Our sea of islands: migration and mtissage in contemporary Polynesian writing
This article explores metaphors of oceanic migration in contemporary Polynesian writing, investigating the notion of a regional Oceanic identity embraced by a variety of Pacific (and particularly Polynesian) writers and theorists, while also acknowledging the specific historical circumstances and consequences of sea migration within individual Polynesian cultures. Throughout, the essay maintains a multiple temporal focus, identifying the ways in which imagery of the sea and more specifically the traditional Polynesian waka/vaka (voyaging canoe) has been deployed by Polynesian writers as a chronotope not only of pre-European (and early contact) patterns of migration and cultural exchange within the Pacific, but also of the large-scale migrations of Polynesians to various neighbouring nations since the Second World War. The essay also engages with the complex cultural exchanges brought about by various historical phases of European maritime exploration and settlement in the Pacific, analysing how Polynesian writers explore the effects of intermarriage and cultural contact between Polynesians and Europeans since the late eighteenth century. In investigating these patterns of cross-cultural exchange, the essay adopts the French term mtissage, which, alongside the related concepts of hybridity and syncreticity, denotes genetic and cultural exchanges and intermixing. Drawing upon the work of various postcolonial theorists, the essay examines mtissage in the Pacific both at the level of (material) cultural exchange, and within literary texts produced by anglophone and francophone Polynesian writers, particularly those who explicitly identify themselves as of mixed race.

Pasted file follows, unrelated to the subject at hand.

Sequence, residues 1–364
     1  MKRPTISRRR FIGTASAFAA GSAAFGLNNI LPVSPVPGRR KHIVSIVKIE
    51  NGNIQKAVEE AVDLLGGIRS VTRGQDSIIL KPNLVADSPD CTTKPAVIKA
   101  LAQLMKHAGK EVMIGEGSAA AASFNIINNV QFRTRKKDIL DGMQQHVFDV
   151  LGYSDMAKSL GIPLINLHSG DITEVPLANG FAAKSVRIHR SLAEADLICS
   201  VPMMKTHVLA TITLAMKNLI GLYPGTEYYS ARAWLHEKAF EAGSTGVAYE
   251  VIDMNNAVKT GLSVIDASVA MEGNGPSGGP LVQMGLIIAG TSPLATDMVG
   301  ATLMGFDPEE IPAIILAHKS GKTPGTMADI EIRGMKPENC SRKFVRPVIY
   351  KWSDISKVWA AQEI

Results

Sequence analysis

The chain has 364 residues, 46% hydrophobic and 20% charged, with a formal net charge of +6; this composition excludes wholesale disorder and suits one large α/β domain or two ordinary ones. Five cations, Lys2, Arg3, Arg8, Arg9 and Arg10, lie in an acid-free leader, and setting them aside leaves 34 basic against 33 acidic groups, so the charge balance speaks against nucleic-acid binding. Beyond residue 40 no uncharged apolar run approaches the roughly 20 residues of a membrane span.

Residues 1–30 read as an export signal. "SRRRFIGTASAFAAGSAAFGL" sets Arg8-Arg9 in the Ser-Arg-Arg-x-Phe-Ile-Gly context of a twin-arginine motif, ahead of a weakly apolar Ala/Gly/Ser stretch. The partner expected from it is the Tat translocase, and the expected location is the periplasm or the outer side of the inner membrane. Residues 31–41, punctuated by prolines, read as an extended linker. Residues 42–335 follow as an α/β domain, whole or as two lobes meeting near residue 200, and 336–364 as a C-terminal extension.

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Document Type: Research Article
Affiliations: University of Edinburgh.
Publication date: December 1, 2008
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- The International Journal of Francophone Studies offers a critical preview for a new development in the understanding of 'France outside France', with a thorough insight into the network of disciplinary issues affiliated with this study. The journal complements the thriving area of scholarly interest in the French-speaking regions of the world, bringing a location of linguistic, cultural, historical and social dynamics within a single academic arena.
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